HUNDREDS OF strangers turned out to pay their respects at the funeral of Irish American Vietnam veteran John James Murphy this week.
Mr Murphy passed away in Elgin, Illinois just before Christmas, but despite the best efforts of the Symonds-Madison Funeral Home, none of his relatives could be located before the ceremony.
Born in California, the US army veteran was thought to have had several siblings, one child and grandchildren.
But despite launching an online campaign to track down his relations, none came forward before the service on Wednesday, January 29.
The service at the Abraham Lincoln National Cemetery in Elwood, Illinois was nevertheless well attended with people coming from far and wide to pay their respects to the former soldier.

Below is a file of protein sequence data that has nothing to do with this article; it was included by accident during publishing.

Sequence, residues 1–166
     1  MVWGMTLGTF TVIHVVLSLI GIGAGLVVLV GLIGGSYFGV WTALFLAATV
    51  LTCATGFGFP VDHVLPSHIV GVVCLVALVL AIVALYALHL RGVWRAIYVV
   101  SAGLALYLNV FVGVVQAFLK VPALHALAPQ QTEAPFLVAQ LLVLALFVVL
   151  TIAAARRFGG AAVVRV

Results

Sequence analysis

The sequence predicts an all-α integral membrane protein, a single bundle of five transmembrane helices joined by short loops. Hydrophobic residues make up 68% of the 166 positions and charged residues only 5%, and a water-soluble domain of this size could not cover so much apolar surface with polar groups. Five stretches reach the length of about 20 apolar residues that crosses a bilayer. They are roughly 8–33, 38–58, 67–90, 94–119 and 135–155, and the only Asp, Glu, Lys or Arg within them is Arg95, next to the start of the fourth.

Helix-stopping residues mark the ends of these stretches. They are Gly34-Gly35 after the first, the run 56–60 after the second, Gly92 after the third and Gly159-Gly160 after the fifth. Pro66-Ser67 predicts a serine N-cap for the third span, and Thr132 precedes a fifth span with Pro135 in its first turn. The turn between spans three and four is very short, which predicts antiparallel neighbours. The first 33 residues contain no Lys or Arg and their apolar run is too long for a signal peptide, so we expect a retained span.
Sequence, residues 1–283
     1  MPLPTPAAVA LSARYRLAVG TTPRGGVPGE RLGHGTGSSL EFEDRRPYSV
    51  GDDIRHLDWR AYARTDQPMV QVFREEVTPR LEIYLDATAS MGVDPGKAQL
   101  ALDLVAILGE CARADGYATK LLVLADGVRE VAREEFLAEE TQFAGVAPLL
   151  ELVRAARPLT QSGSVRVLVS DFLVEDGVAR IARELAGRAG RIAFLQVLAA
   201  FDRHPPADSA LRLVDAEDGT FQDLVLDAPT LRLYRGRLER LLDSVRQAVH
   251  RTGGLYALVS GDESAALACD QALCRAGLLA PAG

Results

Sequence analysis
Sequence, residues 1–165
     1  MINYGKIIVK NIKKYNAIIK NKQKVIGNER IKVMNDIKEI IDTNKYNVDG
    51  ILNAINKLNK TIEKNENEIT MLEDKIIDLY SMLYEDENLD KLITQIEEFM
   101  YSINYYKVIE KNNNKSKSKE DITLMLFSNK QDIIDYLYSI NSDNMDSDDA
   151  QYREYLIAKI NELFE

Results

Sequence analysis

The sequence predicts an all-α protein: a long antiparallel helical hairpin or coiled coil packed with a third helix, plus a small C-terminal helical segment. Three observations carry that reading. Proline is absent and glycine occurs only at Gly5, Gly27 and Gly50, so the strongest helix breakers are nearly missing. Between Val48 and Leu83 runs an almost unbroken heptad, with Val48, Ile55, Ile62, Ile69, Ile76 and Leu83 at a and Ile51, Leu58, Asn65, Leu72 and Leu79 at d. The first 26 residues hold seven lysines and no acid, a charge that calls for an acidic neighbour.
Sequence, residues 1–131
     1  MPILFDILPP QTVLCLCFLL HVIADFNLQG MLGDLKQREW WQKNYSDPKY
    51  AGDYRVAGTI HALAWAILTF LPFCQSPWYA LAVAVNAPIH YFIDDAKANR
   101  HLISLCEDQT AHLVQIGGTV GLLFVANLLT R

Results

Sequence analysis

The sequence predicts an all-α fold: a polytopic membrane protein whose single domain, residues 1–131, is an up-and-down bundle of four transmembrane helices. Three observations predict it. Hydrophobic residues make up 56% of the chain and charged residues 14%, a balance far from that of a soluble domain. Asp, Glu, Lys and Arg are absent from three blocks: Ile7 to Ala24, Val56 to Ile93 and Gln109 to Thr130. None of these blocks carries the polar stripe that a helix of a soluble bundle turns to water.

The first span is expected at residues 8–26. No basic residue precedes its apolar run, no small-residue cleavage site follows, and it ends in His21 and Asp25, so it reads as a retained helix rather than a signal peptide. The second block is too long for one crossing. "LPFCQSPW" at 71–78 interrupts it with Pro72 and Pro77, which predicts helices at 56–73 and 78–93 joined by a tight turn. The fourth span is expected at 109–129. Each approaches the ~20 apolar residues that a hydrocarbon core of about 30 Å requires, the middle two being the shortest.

Mr Murphy served as a jet engine mechanic in the US Air Force from 1966 to 1969.
He was awarded the National Defense Service Medal, Republic of Vietnam Campaign Medal, Presidential Unit Citation and Vietnam Service Medal for his service.
After leaving the armed forces, Mr Murphy worked as welder and later shopkeeper.
— Dane Placko FOX 32 (@dsplacko) January 29, 2020
Speaking to American Military News, US Army Reserves first sergeant Dan Symonds stressed the importance of giving Mr Murphy a proper send-off.
“To me it’s important,” he said.
“Everybody deserves a decent burial and these guys, it doesn’t matter where they served, even if they didn’t see combat, they deserve to be honored.”
Joy Symonds from the Symonds-Madison Funeral Home echoed those sentiments.
“It’s very important to us that no veteran is left behind, that they are properly taken care of.”